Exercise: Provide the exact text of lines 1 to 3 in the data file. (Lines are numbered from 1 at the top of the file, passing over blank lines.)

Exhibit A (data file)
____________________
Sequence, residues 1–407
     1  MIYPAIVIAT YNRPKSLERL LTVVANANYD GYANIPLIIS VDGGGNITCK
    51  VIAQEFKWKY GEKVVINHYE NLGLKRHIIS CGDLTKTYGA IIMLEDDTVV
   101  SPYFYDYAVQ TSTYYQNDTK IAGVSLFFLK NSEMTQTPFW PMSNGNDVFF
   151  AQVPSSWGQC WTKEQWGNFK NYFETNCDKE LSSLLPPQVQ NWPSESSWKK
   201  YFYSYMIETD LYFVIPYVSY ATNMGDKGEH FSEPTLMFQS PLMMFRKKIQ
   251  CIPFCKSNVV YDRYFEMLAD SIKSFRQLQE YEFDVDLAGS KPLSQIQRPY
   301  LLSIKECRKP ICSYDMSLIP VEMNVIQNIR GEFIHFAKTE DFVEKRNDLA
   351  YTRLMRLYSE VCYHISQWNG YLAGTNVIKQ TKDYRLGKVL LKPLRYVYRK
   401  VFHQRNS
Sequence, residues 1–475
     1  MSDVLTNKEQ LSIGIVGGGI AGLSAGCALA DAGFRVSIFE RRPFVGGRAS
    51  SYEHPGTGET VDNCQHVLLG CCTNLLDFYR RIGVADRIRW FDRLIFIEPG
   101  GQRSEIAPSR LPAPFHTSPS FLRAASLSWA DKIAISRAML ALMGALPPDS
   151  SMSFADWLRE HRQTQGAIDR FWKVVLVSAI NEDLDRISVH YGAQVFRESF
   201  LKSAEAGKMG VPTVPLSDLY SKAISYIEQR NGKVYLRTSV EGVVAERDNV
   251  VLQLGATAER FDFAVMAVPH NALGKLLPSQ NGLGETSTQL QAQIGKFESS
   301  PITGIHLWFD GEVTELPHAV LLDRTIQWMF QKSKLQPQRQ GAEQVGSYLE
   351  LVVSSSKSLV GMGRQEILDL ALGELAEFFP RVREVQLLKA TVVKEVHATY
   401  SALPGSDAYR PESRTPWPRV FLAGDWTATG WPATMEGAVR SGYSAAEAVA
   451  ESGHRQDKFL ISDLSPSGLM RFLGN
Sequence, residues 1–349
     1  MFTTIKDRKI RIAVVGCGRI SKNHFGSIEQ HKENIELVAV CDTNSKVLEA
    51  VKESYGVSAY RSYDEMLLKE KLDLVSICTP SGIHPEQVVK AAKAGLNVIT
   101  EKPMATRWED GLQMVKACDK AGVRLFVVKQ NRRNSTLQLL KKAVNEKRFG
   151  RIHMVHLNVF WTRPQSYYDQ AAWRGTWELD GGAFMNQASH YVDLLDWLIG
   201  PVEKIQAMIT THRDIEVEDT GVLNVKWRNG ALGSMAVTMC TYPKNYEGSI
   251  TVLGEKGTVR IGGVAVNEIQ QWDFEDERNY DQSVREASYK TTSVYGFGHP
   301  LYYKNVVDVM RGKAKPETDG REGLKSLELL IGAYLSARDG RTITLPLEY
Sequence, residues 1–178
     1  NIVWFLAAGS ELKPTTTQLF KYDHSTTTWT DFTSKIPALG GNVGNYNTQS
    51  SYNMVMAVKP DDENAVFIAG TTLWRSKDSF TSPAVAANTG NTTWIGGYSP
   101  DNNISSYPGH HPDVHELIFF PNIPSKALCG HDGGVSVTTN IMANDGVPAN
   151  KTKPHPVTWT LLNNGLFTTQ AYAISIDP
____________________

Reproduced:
Sequence, residues 1–407
     1  MIYPAIVIAT YNRPKSLERL LTVVANANYD GYANIPLIIS VDGGGNITCK
    51  VIAQEFKWKY GEKVVINHYE NLGLKRHIIS CGDLTKTYGA IIMLEDDTVV